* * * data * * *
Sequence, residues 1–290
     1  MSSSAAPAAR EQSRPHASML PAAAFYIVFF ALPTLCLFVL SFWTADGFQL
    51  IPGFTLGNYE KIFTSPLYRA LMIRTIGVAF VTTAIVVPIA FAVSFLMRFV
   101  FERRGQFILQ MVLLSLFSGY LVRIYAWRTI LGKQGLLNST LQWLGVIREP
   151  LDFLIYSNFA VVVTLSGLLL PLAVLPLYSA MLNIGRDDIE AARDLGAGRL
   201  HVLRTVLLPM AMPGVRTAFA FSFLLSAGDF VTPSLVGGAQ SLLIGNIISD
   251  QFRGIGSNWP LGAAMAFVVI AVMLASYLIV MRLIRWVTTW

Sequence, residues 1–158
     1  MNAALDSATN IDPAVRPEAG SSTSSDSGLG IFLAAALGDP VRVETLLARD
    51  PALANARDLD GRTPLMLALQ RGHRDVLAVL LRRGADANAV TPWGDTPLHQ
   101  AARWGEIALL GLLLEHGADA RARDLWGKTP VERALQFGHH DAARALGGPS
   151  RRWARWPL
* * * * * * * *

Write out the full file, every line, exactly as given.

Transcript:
Sequence, residues 1–290
     1  MSSSAAPAAR EQSRPHASML PAAAFYIVFF ALPTLCLFVL SFWTADGFQL
    51  IPGFTLGNYE KIFTSPLYRA LMIRTIGVAF VTTAIVVPIA FAVSFLMRFV
   101  FERRGQFILQ MVLLSLFSGY LVRIYAWRTI LGKQGLLNST LQWLGVIREP
   151  LDFLIYSNFA VVVTLSGLLL PLAVLPLYSA MLNIGRDDIE AARDLGAGRL
   201  HVLRTVLLPM AMPGVRTAFA FSFLLSAGDF VTPSLVGGAQ SLLIGNIISD
   251  QFRGIGSNWP LGAAMAFVVI AVMLASYLIV MRLIRWVTTW

Sequence, residues 1–158
     1  MNAALDSATN IDPAVRPEAG SSTSSDSGLG IFLAAALGDP VRVETLLARD
    51  PALANARDLD GRTPLMLALQ RGHRDVLAVL LRRGADANAV TPWGDTPLHQ
   101  AARWGEIALL GLLLEHGADA RARDLWGKTP VERALQFGHH DAARALGGPS
   151  RRWARWPL